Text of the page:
Robots and Magicians: Yahoo! Pipes

Blog Post
Aug. 5, 2010

In one of Carl Sagan's writings he mentions that in the 1800's the average reader could read every book in something like 60 years.  At the time of the writing, he said it would take the average reader something like 1,000 years to do it.  With all of the information available, there seems to be no excuse for not staying up-to-date on the latest information on technology, telecommunications, the evolving media landscape, and all the other factors relevant to my professional life. Except for one small detail: There are only 24 hours in the day. And even if I spent every minute of every day reading, I would still never keep up with all the e-mails, websites, blogs, and other sources of news that come across my screen. With massive amounts of information, it's important to keep it organized and accessible. And while my rapidly expanding team of coworkers are pretty amazing, they are not speed-reading robots. Luckily, I've found a tool that has reduced our news-reading problems.

What's my magic answer, you ask? In my best Steve Jobs voice: "Yahoo! Pipes... (crowd murmurs).  You heard me, Yahoo! Pipes people! (general crowd applause).  That's right, Yahoo! Pipes! (hysterical crowd screaming and jumping up and down)."  Pipes might be the most awesome free online service out there.  As its website describes, "Pipes is a powerful composition tool to aggregate, manipulate, and mashup content from around the web."  People have been using it for several years already to find prime real estate, monitor eBay bids, and follow stock market trends. Doesn't this sound like the perfect match for sorting through the news, too? Believe me, it is.

Most Pipes will end up looking like a tree. It doesn't work like a tree.  Water usually starts at the bottom and works its way up.  With Pipes our water droplets are the individual news items found by team members (in the form of an RSS feed).  Rather than fall to the ground to get sucked up by the roots, each individual branch up top sucks up the items and funnels them down into single feed. This fits in with the broader use of RSS feeds, which are a fairly ubiquitous way to publish updating content like news headlines, blog articles, audio, video, and other web content in a standardized way.  They work here by combining hand-picked material that our staff posts to Delicious, Google Reader, Tumblr, and their blogs in a robot friendly output, while also automatically tracking sources from our organization website including publications, press we show up in, and more formal than this online articles.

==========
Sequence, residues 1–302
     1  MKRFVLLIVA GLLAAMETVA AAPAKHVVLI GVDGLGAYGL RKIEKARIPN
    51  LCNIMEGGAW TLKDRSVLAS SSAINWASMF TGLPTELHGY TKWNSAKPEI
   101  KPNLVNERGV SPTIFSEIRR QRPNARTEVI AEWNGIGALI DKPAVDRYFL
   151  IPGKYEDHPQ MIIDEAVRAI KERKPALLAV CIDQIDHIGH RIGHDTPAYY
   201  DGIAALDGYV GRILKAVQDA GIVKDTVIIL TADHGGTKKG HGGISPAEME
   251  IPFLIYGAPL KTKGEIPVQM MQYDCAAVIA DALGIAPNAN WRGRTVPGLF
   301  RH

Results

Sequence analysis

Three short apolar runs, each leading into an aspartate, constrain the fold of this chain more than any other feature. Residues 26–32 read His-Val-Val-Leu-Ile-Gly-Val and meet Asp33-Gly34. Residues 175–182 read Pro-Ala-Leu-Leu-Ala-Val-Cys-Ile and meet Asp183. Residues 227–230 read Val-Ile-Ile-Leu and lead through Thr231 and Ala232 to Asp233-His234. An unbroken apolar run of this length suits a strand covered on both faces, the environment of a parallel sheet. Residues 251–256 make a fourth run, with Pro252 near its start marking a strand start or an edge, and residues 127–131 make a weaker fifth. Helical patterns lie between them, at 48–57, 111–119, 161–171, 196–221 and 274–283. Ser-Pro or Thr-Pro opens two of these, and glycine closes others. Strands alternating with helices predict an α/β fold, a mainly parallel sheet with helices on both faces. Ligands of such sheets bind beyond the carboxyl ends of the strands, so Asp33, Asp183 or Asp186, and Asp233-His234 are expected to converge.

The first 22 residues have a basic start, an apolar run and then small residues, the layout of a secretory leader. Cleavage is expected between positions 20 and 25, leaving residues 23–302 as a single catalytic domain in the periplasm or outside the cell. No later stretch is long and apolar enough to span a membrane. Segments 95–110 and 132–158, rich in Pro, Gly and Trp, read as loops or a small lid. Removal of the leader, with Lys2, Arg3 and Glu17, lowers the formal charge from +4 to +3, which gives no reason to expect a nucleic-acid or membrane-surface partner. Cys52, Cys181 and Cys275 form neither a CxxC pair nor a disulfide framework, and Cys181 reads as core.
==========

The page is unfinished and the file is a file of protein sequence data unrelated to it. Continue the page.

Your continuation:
Google Reader and Delicious rock for this purpose because they will both create RSS feeds for specific categories/tags/taxonomies. When you're gathering feeds from a large number of people, you don't necessarily want a steady stream of every RSS feed they subscribe to, so rather than input a person's entire RSS feed from Delicious or Google Reader, have the user create a tag specific to your topic area, and take the RSS feed associated with that tag, only, to create your Yahoo! Pipe.

To set up your very own magical news robot, here's what you have to do:

  1. Gather a list of multiple RSS feeds that each participant uses to filter their web content (Delicious, Google Reader, Tumblr, Blogs, News Sources, Twitter, etc.). You can find these by searching the page for "RSS" or looking for the orange icon.
  2. Use each RSS feed as a source into Yahoo! Pipes' Fetch Feed Source tool (IMAGE 1).
  3. With Pipes' Regex Operator, take each feed and prefix the title of each item with the source (eg. the original title of "IRAQ WAR ENDS" is prefixed to become "Via Dan: IRAQ WAR ENDS") (IMAGE 2).
  4. With Pipes' Union Operator, combine each individual prefixed feed into a single feed (IMAGE 3).
  5. With Pipes' Sort Operator, sort each individual item by the date each item was found by a user.
  6. With Pipes' Unique Operator, remove duplicate items by filtering items pointing to the same URL and items that have identical titles.
  7. With Pipes, publish the combined, sorted, and filtered stream of items into a single RSS feed (IMAGE 4).  You can visit to see the current running version of our OTI News Pipe.




But wait! We're not done yet. As you can see in the graphic below, once all those stories are gathered in, we need a way to distribute them back out to the whole team. I'll give you two: Twitterfeed and Feedburner.

Twitterfeed takes an RSS feed and publishes it to a specified Twitter account, integrated among other tweets. Feedburner publishes an RSS feed to a digest email, automatically populated and sent out to subscribers according to the settings you prescribe.

Let's break it down.

  1. With TwitterFeed, post new items to a Twitter account with the new combined RSS feed from Pipes as the source. You might even consider identifying people in the Pipes set-up by their Twitter handles (eg, Via @susieq), so that the stories they share are linked back to their Twitter mentions.
  2. With FeedBurner, use the new combined RSS feed from Pipes to create a public daily email with all new posted items.
  3. With FeedBurner, use the new combined RSS feed from Pipes as a source for a public facing FeedBurner RSS feed to get usage analytics.

And there you have it. It's easy, it's free -- it might as well be magic. The only challenge? Try to resist applying Yahoo! Pipes to everything in your life.

For information on bookmark tools and Yahoo! Pipes, check out these links:

Yahoo! Pipes
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